The latest numbers from the Newspaper Association of America show print newspaper advertising revenue continuing to drop: down 1.7 percent in 2006 to $46.6 billion. No news there--the usual doom and gloom.
But there's another interesting number in the NAA report: Advertising revenue for online newspaper sites jumped 31.5 percent in 2006, to $2.7 billion. It would appear that increase accelerated in the fourth quarter, when online revenue was up 35 percent year over year (the third-quarter increase was just 23 percent). The decline in print advertising accelerated in the fourth quarter, too, with classifieds particularly hard hit. Also no news there.
It's a little hard to see what's really going on here from the percentage changes, but if you look at the hard numbers, something very interesting emerges: The decline in print advertising is beginning to be made up by the increase in online revenue. Print advertising fell roughly $800 million in 2006; online advertising grew roughly $650 million. That's still a $150 million gap, which isn't chickenfeed—but it's not hard to imagine that gap closing in 2007.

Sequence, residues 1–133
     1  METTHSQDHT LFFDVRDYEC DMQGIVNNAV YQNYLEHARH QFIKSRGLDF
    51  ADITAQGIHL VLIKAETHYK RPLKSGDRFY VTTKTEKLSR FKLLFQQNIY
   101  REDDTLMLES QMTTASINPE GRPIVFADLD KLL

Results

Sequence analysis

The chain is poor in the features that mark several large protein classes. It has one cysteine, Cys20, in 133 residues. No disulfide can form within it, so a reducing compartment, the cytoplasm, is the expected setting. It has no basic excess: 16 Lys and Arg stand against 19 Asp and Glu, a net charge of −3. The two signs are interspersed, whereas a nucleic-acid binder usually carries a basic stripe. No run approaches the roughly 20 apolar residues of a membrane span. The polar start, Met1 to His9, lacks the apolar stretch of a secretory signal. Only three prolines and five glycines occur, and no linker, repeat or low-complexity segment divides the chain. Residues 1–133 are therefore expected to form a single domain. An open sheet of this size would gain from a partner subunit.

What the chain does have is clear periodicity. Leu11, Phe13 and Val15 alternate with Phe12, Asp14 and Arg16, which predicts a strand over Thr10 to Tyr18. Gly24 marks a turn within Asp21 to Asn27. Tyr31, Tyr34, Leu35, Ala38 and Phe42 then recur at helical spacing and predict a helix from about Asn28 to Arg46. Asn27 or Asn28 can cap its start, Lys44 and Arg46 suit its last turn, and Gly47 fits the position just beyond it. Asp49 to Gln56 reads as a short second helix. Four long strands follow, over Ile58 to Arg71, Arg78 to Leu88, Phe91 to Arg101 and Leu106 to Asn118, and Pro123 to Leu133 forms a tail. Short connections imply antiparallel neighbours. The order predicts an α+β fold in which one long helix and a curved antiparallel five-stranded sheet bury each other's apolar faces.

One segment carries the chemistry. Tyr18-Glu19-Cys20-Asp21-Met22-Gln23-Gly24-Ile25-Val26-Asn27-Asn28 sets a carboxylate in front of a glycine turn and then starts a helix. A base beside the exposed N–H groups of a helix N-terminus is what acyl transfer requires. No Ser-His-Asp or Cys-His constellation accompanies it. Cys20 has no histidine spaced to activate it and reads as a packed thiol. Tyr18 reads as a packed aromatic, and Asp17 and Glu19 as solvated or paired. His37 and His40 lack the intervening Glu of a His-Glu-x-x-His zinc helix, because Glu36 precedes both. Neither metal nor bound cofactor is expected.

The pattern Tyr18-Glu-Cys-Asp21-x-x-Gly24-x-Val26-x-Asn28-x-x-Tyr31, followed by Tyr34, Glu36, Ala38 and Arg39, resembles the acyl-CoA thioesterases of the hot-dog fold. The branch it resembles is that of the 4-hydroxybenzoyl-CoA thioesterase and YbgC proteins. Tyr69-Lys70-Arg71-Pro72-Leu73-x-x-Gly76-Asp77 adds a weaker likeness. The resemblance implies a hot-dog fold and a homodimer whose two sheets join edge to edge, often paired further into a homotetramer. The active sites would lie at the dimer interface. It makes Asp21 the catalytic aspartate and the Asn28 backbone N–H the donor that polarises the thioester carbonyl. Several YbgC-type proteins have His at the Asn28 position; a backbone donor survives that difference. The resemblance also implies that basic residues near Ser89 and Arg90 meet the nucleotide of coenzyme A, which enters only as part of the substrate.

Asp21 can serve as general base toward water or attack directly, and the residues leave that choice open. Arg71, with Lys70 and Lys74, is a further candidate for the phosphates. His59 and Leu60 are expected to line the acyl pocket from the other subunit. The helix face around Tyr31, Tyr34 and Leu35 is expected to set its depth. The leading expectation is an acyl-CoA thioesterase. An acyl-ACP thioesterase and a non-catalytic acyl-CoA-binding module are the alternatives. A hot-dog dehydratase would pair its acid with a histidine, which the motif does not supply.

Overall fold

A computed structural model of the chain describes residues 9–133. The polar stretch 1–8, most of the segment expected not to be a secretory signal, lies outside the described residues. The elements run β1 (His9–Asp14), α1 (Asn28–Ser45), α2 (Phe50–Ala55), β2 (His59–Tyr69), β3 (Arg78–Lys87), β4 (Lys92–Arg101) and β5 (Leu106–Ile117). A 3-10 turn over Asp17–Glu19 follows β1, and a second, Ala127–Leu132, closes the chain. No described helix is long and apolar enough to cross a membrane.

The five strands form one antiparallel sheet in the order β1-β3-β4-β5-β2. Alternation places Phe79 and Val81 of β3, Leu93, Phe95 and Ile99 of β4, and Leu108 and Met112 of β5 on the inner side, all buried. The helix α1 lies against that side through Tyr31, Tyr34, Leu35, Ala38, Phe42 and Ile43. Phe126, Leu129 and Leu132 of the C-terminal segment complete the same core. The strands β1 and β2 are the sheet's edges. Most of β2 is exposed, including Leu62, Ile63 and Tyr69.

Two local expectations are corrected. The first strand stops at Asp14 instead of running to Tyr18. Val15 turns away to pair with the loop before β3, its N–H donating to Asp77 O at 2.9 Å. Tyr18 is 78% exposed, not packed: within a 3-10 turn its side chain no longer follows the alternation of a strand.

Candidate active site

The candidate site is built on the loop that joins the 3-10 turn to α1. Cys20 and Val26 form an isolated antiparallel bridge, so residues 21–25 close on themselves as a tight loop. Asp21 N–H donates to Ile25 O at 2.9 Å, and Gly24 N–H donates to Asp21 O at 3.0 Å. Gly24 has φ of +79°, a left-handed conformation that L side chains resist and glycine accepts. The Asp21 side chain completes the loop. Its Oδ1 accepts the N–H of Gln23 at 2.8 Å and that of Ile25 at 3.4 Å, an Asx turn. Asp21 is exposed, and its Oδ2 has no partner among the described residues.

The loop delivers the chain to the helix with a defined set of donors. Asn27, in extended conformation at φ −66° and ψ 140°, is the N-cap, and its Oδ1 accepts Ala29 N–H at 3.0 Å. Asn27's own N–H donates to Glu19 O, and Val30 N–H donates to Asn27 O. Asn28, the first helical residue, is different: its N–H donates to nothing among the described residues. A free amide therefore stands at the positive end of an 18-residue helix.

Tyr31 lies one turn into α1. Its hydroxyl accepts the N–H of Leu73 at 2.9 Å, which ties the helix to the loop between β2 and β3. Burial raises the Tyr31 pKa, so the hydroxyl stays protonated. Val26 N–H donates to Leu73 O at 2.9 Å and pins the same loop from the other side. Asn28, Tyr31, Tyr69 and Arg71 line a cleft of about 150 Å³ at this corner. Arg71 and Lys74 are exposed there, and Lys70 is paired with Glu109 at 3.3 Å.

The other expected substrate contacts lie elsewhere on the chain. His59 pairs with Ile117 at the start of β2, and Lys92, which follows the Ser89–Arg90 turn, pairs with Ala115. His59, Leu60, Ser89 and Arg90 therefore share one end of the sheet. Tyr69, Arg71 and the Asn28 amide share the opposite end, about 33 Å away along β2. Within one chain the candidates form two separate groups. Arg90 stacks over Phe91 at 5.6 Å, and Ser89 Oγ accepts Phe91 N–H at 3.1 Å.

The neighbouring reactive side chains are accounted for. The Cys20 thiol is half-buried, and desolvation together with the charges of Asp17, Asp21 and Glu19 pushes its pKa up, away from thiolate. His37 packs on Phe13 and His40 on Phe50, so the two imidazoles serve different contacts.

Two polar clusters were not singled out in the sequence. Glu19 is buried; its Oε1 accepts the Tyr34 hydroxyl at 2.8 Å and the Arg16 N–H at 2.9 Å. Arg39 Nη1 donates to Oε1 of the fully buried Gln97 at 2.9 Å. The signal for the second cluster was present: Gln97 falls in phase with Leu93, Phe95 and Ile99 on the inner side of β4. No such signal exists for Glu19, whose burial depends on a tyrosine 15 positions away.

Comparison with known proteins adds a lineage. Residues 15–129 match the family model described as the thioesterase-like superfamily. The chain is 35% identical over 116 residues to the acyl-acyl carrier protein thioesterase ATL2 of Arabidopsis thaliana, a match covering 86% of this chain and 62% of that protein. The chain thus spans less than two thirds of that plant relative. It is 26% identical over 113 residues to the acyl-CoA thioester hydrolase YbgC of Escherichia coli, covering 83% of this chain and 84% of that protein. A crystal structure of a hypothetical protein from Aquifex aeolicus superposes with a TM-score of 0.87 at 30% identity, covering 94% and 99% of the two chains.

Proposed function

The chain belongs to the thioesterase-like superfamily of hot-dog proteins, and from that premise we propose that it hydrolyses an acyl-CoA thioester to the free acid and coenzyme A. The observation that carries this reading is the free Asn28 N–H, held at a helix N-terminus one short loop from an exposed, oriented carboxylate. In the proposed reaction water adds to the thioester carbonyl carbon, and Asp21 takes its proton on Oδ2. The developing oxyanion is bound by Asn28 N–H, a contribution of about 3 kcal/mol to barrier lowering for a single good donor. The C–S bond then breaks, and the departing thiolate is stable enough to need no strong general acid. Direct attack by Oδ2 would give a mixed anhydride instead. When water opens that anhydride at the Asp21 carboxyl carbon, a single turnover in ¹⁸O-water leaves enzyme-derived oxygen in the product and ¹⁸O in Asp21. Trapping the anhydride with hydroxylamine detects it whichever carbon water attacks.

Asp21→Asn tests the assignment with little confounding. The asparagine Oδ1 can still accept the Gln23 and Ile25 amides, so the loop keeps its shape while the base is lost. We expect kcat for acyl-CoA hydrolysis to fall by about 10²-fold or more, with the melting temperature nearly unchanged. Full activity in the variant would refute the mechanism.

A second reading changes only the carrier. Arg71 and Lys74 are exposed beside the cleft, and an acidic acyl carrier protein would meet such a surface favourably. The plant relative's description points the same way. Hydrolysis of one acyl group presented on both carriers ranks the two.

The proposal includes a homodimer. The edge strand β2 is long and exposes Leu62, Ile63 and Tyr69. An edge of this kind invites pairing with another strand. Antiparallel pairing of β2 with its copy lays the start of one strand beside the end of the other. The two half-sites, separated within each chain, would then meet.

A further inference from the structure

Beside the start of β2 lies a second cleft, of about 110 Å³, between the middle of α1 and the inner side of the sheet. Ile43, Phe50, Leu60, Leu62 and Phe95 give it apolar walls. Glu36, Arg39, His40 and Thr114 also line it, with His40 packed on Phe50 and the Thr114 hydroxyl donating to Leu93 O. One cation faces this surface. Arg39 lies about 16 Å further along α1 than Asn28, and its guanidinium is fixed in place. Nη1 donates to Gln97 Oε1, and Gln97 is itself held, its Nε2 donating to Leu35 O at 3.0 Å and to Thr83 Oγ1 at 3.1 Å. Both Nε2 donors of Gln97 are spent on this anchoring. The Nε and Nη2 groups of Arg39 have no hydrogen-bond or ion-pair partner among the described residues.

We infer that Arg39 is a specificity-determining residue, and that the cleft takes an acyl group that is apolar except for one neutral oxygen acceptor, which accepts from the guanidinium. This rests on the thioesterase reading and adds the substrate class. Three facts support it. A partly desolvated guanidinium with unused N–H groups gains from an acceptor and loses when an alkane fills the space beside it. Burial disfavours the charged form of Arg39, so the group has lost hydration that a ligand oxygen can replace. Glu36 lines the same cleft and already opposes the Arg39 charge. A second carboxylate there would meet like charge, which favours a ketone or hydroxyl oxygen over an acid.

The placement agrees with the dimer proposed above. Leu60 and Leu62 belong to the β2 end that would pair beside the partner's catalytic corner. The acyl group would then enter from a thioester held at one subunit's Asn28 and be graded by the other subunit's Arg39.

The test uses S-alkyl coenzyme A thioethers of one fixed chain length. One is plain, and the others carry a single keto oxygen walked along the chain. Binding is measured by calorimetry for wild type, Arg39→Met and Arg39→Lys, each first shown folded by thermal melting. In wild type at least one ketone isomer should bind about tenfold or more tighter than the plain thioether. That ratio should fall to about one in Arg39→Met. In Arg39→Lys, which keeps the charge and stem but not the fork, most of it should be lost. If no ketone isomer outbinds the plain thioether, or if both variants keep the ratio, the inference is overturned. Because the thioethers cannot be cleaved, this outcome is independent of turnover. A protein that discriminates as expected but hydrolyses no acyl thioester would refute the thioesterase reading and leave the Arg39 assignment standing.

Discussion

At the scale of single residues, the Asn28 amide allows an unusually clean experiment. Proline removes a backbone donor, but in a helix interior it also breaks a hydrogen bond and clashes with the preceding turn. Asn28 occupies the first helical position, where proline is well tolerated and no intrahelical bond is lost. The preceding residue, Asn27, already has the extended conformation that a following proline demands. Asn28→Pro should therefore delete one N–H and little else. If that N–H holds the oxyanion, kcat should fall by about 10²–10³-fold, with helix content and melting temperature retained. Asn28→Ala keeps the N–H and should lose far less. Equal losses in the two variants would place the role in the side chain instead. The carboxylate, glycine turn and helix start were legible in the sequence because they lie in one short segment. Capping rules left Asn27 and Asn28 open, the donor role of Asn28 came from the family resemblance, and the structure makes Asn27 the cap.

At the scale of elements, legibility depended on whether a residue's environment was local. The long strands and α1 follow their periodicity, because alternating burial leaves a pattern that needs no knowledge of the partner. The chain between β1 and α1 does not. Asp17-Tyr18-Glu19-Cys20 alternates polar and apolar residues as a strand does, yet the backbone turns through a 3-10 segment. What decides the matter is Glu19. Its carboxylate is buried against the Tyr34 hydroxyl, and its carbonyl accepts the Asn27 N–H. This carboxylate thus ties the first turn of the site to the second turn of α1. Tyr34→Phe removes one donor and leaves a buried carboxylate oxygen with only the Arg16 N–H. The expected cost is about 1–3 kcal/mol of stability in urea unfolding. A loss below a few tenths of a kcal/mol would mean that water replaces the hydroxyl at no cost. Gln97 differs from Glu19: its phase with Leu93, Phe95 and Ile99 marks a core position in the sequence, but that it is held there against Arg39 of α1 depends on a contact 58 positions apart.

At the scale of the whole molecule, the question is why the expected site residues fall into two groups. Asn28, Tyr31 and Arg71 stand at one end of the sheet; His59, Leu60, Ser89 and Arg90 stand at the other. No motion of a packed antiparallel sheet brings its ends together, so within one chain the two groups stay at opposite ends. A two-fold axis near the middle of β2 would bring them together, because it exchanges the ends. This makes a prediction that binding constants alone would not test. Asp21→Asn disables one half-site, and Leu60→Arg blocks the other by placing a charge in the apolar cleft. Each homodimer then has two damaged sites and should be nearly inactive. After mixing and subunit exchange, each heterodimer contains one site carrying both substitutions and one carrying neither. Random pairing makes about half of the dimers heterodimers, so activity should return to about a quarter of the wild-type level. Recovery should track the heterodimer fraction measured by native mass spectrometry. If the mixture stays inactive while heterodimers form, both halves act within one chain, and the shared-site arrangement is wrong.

Or, to look at it another way, the combined newspaper print-online revenue for 2006, $49.3 billion, was only slightly below the $49.5 billion in combined ad revenue in 2005. Back to percentages: combined ad revenue fell by less than half of 1 percent in 2006. That's practically a rounding error. Online accounts for 5.4 percent of all newspaper ad revenue, incidentally, a share that continues to increase.
The NAA release describes the decrease in print advertising as "outweighing" the increase in online ad revenue in 2006. Well, yes--slightly. But I think this is a glass-half-empty/glass-half-full situation. The replacement of print advertising revenue with online revenue is starting to happen in a significant way, as some of us have predicted for some time. And online revenue continues to accelerate. Next year, the Newspaper Association may have to find another description of the difference between the two numbers.